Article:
Getting a Cheap Hotel: Hacks and Tips for Traveling on a Budget

Personal Finance
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hotel-cheap

Finding a great deal on a hotel doesn’t come easy, so be prepared to dig your feet in and get invested in the hunt. It’s simple enough to go to Expedia before next travel destination and book the first three-star spot that you see. But for the best deals you have to dedicate a little bit more time and do some investigative work to uncover killer hotel deals. Keep in mind the following strategies and you may land a great deal.

1. Plan far ahead, or go down to the wire

Planning in advance and being flexible with your travel plans can save you big bucks. Many hotel chains will reward you for booking upwards of a month in advance with great rates. If the rates later drop below what you agreed to, call up the hotel to bargain them down.

On the other hand, hotels can get desperate to offload vacant rooms the same night, so you can call the hotel for a room that night and negotiate a low rate. Apps like HotelTonight can also help find last-minute bargains. Beyond

2. Find promo codes

A quick search of [hotel name] + “promo” can reveal fantastic promo codes that can be used on either third party booking websites like Expedia or directly on the hotels’ websites. Be wary though, many Internet forums reveal corporate codes that cannot be used by the general public.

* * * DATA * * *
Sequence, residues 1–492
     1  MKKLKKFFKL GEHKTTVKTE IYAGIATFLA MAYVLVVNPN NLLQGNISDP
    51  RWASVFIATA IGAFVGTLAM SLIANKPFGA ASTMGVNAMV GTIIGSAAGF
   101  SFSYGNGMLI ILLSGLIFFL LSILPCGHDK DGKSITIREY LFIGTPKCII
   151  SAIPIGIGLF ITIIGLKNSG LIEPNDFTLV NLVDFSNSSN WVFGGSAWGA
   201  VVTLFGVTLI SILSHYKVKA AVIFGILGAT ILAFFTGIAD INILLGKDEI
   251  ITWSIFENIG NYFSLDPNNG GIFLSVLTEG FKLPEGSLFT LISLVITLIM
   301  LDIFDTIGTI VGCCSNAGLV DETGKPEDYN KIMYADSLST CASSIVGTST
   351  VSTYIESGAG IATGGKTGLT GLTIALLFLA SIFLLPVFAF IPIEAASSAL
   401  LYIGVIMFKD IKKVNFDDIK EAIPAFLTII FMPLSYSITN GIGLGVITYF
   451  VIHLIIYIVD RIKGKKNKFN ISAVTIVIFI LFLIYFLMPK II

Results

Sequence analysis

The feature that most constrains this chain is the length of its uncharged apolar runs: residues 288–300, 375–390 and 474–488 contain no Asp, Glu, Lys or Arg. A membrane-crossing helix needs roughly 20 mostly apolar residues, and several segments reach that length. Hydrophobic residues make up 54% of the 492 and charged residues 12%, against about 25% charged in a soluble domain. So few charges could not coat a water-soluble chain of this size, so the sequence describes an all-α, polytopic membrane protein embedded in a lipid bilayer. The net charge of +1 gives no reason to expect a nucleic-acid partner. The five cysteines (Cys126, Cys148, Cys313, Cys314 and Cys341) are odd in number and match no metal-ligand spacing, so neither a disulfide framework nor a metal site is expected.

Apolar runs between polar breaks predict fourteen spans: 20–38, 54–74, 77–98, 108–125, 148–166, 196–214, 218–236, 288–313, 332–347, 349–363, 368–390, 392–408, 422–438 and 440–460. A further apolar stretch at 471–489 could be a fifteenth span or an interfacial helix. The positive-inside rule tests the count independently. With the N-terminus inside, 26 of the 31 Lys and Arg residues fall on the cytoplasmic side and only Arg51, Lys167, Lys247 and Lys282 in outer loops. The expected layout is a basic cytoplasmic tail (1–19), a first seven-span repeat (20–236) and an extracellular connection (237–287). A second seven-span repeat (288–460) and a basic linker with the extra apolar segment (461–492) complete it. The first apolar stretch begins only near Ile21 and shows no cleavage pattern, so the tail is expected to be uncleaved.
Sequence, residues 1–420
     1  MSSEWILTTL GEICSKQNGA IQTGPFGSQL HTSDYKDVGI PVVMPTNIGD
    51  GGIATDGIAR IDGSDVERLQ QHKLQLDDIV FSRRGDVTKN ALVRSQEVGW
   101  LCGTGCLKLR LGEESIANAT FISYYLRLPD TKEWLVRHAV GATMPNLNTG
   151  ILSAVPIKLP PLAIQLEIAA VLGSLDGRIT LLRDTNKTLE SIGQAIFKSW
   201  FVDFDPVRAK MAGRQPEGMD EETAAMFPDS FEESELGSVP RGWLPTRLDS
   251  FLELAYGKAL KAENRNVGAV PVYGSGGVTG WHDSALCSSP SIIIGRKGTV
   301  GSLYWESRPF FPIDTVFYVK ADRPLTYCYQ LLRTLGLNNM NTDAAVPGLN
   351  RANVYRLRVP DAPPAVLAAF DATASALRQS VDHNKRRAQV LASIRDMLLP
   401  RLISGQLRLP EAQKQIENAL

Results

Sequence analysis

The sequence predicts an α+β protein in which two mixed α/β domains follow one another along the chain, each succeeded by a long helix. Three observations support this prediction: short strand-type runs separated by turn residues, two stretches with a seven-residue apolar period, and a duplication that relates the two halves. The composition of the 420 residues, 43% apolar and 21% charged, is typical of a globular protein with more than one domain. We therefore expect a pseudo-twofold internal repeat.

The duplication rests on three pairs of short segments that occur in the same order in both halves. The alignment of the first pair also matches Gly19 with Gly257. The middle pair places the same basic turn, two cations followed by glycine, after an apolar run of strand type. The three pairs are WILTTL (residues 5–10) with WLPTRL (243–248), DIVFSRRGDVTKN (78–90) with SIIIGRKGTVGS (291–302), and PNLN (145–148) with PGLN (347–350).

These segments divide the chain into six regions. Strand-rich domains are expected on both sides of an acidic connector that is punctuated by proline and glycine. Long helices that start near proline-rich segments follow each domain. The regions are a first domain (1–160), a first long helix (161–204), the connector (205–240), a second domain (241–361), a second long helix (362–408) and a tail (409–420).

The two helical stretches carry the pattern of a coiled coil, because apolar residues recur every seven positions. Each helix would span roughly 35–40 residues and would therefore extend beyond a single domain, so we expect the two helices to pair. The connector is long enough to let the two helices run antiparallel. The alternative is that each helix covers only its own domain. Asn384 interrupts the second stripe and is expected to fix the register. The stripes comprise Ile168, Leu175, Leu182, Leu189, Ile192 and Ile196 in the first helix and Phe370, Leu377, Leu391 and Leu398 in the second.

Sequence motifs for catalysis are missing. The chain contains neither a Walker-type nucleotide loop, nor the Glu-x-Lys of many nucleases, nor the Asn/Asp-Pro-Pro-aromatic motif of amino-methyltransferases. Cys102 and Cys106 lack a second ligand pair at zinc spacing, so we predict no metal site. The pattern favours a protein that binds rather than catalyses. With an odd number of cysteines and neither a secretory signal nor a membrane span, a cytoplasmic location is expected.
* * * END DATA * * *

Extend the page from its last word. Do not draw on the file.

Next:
You can also use cashback websites and rewards malls to earn bonus points on Expedia, Hotels.com and the like. ShopDiscover offers 5% back at the Marriott, and ShopAtHome.com gives 7.5% off on Expedia.

3. Keep an eye out for sales

Big travel booking websites like Travelocity, Orbitz, and Expedia have last-minute deal offers and discounts that can be a godsend for someone looking to get away, with no firm idea of where. YaptaPriceline and Kayak all offer rate tracking and alerts to keep an eye out for sudden discounts.

Pro tip: Expedia has a 24-hour sale day every Wednesday with cut-rate rooms.

4. Loyalty is leverage